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What type of CD collector are you?


What type of CD collector are you?  

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5 hours ago, lettard said:

I just can't do that,I love the look and feel of the physical disc/booklet etc in my hands,must be just me

It's not just you. I still don't get it, this craze for digital music. People have been sold an inferior product and one that has also destroyed the livlihood of the majority in tge industry they love. A cd provides income to an artist, gives you a physical copy with artwork etc., you can make digital copies of it yourself, the music is heard as the artist intended in a long format album.

Instead people are choosing to get digital files that they don't own (read the fine print), or rent songs on Spotify that rip off artists and provide them with next to zero income for their art. 

IMO it's a travesty that music fans have been sold this lie about how "amazing" digital music is or how wonderful these curated playlists on Spotify are. Its also funny how they sneer at those who "still buy cds" like we are somehow Luddites or something absurd. The truth is otherwise.

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Every cd I get I listen to a minimum twice before putting it on my selves (alphabetical). I have thousands so yes, some go years without a play. But I go through stages. Right now I am listening to a

I buy on cd all the time. Why would I buy digital when cd is a hard copy of digital anyway? And vinyl is pitched at hipsters who want the cool factor, but the sound is inferior, the medium is fragile

I buy fleetingly anymore at best and I rarely bought/buy new releases. It was the rifling through racks and racks and racks at some Podunk pawn shop that did it for me. Always on the hunt for that 1 c

I used to buy every cd under the sun of something that interested me, but now I'm down to my top 25 artists.  These are basically the artists that I hope continue to make new albums.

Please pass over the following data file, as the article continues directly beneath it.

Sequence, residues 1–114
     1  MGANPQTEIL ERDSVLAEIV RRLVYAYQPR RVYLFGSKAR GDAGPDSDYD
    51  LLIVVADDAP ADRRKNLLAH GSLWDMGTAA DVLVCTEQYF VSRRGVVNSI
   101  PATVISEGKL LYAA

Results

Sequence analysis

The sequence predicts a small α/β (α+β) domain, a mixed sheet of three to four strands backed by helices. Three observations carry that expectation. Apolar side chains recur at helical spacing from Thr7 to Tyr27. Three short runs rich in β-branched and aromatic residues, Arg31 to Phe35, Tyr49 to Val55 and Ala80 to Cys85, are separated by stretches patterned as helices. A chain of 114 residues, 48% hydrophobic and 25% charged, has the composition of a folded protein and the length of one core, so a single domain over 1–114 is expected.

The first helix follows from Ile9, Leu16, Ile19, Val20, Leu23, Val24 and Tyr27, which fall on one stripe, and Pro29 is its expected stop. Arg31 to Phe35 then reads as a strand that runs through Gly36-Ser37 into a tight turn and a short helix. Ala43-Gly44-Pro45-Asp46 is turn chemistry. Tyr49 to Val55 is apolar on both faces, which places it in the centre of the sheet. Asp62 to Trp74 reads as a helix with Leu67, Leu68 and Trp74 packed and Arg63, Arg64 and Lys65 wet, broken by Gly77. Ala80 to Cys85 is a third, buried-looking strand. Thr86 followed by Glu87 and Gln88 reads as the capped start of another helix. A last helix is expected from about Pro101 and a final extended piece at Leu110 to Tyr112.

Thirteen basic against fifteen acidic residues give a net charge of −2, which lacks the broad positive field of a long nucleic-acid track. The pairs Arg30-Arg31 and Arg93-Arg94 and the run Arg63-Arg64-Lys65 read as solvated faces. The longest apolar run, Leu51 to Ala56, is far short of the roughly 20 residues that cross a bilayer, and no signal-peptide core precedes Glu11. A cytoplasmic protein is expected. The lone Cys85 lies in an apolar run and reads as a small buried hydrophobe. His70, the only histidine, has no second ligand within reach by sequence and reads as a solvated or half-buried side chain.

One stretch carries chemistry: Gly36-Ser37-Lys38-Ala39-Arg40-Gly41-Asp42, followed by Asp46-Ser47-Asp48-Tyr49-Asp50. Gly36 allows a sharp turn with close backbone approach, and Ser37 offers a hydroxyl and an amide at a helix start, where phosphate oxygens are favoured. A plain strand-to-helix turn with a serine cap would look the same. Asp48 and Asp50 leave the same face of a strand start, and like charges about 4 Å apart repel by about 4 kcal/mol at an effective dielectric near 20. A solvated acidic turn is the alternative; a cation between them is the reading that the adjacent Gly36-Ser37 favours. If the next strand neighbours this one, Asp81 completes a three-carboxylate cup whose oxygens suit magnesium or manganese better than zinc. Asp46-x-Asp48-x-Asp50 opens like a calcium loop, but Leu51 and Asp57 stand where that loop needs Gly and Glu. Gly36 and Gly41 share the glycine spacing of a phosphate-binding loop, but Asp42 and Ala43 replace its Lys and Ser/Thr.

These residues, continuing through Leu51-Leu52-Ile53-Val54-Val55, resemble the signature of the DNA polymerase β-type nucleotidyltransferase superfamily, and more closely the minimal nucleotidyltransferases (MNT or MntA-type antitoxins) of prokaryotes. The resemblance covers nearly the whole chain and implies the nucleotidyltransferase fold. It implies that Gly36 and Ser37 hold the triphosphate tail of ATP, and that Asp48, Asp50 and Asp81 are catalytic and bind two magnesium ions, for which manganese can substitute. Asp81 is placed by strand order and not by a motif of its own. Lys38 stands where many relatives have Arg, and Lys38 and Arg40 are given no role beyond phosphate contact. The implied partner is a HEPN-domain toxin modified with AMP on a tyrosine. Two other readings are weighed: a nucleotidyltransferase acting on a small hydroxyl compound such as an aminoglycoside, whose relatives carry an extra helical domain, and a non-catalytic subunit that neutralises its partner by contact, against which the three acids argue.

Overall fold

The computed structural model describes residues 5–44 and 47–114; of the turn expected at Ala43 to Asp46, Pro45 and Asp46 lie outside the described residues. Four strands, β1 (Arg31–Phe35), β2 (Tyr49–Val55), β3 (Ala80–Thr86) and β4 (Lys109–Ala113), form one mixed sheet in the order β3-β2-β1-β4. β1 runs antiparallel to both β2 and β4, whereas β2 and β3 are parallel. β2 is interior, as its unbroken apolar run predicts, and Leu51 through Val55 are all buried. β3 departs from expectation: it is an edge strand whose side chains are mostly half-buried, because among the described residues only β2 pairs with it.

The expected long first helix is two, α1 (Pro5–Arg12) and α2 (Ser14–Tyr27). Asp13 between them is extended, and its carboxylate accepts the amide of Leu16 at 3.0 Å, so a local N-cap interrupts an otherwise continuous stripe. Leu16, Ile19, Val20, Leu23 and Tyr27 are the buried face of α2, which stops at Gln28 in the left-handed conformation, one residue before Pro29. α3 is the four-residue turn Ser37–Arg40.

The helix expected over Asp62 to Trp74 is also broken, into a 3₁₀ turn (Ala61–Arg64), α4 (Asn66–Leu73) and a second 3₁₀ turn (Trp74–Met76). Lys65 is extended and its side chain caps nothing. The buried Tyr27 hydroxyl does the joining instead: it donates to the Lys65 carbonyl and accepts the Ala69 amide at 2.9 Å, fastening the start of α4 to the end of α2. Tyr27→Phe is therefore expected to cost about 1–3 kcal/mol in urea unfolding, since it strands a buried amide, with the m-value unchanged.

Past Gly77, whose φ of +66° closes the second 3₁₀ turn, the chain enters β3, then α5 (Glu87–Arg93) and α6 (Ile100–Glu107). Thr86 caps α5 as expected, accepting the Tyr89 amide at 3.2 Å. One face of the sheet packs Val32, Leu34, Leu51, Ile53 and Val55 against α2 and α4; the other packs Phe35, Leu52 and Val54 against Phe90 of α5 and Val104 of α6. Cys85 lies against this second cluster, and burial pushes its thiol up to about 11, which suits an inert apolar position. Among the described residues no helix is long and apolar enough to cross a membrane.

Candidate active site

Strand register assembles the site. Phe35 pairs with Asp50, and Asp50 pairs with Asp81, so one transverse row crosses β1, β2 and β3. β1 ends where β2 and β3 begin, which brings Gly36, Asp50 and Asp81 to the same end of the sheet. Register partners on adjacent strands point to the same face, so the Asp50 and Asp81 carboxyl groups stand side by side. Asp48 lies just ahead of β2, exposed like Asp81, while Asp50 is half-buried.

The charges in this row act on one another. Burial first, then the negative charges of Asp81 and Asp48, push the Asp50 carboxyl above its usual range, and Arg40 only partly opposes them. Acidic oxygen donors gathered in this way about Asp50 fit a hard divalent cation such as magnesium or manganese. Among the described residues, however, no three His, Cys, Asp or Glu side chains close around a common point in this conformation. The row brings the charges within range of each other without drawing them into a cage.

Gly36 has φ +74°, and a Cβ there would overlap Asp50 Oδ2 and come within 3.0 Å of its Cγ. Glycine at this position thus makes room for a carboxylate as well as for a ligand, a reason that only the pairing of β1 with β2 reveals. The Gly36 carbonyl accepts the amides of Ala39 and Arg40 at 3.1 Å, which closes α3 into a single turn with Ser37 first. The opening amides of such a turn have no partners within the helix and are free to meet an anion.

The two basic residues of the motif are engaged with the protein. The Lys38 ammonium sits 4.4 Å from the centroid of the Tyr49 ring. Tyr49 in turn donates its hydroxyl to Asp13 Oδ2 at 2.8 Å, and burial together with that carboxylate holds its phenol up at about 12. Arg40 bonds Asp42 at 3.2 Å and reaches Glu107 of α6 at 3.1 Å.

There's another 50 or so that I like and will listen to and enjoy; but I'm not gonna be crestfallen if they never release another album.  Probably another 100 or so after that I have a passing interest in listening to.

It's shaping up to be a stupendous year release wise for me, as 8 of my to top 10 are slated to have albums out this year. 

1.  Avantasia

2.  Edguy

3.  Epica

4. The Night Flight Orchestra

5. Threshold

6. Kamelot 

7. Battle Beast
8. Beast In Black

9.  Lordi

10. Blind Guardian

11. Harem Scarem

12. Elvenking

13. Soilwork

14. The Agonist
15. Halestorm
16. Shinedown
17. Amaranthe
18. Volbeat
19. Eclipse
20. The Pretty Reckless
21. Hell In The Club
22. W.e.t.
23. Symphony X
24. Masters Of Ceremony

25. Seven Spires

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14 hours ago, auslander said:

It's not just you. I still don't get it, this craze for digital music. People have been sold an inferior product and one that has also destroyed the livlihood of the majority in tge industry they love. A cd provides income to an artist, gives you a physical copy with artwork etc., you can make digital copies of it yourself, the music is heard as the artist intended in a long format album.

Instead people are choosing to get digital files that they don't own (read the fine print), or rent songs on Spotify that rip off artists and provide them with next to zero income for their art. 

IMO it's a travesty that music fans have been sold this lie about how "amazing" digital music is or how wonderful these curated playlists on Spotify are. Its also funny how they sneer at those who "still buy cds" like we are somehow Luddites or something absurd. The truth is otherwise.